The prospect of owning a home for the first time can be thrilling, daunting or downright scary, and many may feel the temptation to dive into the process headfirst. But not so fast, say local real estate agents - there is plenty to consider before you make what likely will be the biggest and most important investment of your life.
So what are some tips for buying a new home? Two local real estate agents offer their advice:
When Karen Derosa, Belmont County top dollar producer with Harvey Goodman Realtor in St. Clairsville, bought her first home, she realized she would have to trade in her sporty new car for something with a slightly more manageable payment in order to get the home she wanted. Accepting the responsibility of home ownership, she said, often means making those kinds of tough decisions.
Photo by Ian Hicks
Those in the market to buy a home for the first time have plenty to think about before signing on the dotted line, according to local real estate agents.
"Be honest with yourself about what you spend and what you're willing to sacrifice in order to get that new home," she said.
Lee Paull IV, executive vice president and associate real estate broker with Paull Associates in Wheeling, said the average first-time homebuyer will spend five to 10 years in that first home before moving on to something a little bigger. For that reason, selecting a home that needs a lot of work may look like more of a bargain than it actually is. And for every problem that you can readily see, you're likely to find several more that aren't so obvious.
"If you think it's going to cost $20,000 to fix up, it's probably going to cost $40,000. Things just kind of domino once you get into it," said Paull.
Q: This age range is the first time many people buy a new home. What are some tips for buying a new home?
A: Among the advice offered by local real estate agents: Figure out what you can afford, be prepared to make sacrifices and wait until your family and job situations are stable before sinking big money into improvements.
Derosa said one of the most common mistakes she sees among first-time homebuyers is falling into the temptation to "overimprove." Sinking money - often in the form of a second mortgage - into a home in order to make it what you've always wanted may not be wise if you're at a point in your life where career changes and a growing family could force you into another move.
"They get too excited and they think, 'Oh, I'll be here forever' ... and then their job changes, they get transferred, and they cannot afford that second mortgage," she said. "You don't need the stainless steel, granite kitchen - that can be for your second home."
Both Derosa and Paull emphasize the importance of getting that prequalification letter from a bank before making an offer on a home. That gives the seller peace of mind, and could make all the difference if you find yourself in a competitive situation with another potential buyer, Derosa said. Paull also noted that prequalification tells you up front what your lending threshhold is, so you don't waste your time looking at homes that are beyond your budget.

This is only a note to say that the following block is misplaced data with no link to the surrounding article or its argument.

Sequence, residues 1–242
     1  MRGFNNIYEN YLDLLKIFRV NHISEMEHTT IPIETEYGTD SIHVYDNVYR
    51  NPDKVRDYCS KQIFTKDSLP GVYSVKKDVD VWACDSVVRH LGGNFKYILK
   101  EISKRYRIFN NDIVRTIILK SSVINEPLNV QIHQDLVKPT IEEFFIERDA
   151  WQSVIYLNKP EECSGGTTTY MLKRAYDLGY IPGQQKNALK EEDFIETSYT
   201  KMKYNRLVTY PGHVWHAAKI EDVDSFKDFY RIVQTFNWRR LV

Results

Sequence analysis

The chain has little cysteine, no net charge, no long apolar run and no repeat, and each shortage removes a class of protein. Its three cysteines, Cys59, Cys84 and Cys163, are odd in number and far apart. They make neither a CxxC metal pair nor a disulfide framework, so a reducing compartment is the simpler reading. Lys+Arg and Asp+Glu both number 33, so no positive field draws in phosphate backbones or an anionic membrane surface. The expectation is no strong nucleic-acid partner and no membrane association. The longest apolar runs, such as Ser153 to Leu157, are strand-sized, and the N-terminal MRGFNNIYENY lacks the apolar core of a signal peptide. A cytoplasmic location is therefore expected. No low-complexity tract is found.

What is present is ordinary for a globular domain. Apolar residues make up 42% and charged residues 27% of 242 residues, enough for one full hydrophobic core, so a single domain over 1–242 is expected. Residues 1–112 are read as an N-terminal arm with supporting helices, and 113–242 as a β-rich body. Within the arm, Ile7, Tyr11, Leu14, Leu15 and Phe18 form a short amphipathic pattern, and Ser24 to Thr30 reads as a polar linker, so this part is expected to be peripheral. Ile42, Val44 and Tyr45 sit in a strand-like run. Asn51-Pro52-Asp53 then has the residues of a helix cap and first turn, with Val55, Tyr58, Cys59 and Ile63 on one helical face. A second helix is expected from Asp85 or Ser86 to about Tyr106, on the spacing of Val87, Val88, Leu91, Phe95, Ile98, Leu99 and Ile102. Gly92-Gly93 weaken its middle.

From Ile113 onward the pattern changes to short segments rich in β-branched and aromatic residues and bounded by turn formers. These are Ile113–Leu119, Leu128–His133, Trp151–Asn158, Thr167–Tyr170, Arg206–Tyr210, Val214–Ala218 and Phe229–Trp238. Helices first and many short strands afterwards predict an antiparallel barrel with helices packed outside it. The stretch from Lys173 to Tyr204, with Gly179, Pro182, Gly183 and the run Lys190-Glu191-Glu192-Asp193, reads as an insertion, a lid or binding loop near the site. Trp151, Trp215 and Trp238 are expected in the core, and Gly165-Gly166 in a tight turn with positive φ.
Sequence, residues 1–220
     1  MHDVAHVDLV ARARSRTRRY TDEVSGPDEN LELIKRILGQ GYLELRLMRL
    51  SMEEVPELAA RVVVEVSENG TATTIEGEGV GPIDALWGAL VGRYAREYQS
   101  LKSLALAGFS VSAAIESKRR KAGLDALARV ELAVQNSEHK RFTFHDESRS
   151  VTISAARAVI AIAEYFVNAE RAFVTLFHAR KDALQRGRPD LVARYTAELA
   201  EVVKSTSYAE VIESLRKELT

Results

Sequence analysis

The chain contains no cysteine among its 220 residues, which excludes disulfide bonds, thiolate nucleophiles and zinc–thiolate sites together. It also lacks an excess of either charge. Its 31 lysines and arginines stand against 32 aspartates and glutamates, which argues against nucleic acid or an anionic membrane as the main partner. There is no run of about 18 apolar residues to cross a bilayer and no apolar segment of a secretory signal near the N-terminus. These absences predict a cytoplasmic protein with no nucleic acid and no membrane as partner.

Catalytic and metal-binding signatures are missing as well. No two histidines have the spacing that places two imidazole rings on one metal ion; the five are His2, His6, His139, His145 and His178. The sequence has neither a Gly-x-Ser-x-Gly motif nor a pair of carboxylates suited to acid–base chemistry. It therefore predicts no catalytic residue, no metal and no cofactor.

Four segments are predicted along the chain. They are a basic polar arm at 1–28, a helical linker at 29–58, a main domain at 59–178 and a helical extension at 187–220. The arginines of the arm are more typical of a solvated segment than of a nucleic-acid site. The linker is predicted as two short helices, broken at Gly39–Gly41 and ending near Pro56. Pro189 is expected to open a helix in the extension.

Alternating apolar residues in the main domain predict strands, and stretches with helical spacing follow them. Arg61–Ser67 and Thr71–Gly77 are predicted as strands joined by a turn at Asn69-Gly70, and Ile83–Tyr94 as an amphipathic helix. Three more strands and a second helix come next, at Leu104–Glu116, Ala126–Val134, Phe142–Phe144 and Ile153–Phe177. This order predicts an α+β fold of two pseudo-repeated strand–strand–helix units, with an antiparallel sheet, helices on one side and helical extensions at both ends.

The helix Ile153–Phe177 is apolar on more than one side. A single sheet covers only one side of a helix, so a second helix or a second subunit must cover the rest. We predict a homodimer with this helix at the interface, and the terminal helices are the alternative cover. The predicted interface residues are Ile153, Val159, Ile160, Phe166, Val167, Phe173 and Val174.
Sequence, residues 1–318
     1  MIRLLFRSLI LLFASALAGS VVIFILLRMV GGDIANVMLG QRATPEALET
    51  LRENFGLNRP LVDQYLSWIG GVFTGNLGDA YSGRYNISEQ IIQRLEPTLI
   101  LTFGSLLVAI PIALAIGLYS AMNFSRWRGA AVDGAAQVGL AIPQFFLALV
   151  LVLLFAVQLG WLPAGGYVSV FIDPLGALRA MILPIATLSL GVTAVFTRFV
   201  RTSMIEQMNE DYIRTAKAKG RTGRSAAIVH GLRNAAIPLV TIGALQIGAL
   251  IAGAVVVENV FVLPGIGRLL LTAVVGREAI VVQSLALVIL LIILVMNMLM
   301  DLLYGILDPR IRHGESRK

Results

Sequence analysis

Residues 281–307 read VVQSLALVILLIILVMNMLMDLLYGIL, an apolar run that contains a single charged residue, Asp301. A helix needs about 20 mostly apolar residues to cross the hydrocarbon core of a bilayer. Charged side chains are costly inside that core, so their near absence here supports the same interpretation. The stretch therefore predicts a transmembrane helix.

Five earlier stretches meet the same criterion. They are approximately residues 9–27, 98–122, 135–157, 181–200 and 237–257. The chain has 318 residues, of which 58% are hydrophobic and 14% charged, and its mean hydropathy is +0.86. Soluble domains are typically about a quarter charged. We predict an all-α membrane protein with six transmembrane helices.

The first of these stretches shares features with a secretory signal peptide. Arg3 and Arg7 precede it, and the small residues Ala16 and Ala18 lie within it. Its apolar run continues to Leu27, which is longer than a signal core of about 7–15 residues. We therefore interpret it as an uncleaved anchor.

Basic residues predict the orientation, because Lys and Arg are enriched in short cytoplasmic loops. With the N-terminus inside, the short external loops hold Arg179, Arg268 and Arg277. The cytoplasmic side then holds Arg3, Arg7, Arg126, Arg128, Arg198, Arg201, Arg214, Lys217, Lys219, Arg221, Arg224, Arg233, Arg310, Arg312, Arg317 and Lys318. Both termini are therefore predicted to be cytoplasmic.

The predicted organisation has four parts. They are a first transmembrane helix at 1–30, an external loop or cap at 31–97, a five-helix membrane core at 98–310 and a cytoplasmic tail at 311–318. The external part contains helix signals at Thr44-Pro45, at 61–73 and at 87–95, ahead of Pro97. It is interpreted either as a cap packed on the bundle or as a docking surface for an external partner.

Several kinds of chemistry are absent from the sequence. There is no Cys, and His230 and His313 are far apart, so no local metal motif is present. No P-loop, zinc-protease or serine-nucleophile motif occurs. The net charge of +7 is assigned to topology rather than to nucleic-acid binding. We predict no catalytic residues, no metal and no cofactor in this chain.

If you know you're about to be in the market for a house, prepare by paying off as much debt as possible before you go looking for a loan. "If you have to wait to get all your things in order, you may lose out on a house," Paull said.
According to Derosa, people who think they have impeccable credit often have forgotten about those missed credit card payments from a few years ago, and are in for a rude surprise when they go to get a mortgage. Knowing your credit weaknesses and being prepared to explain them, she said, will make lenders more willing to work with you rather than simply turn you down. She said most of the local lending institutions she works with are very willing to help out - something you may not get if you look elsewhere.
Paull said with the recent mortgage crisis pushing the issue to the forefront, he believes the public is better educated today than it ever has been when it comes to the housing market. But that doesn't mean you should go it alone.
"That's why we do this. We've seen all the trends," Paull said. "We're here to guide you and make sure that you're not making those mistakes."
According to Derosa, finding the right agent can mean a lasting relationship - she said she has clients who have bought three or four homes from her through the years.
"I want them to be happy. I'm working this job seven days a week because I'm working to make sure my clients, sellers and buyers, are happy and there's no surprises," she said.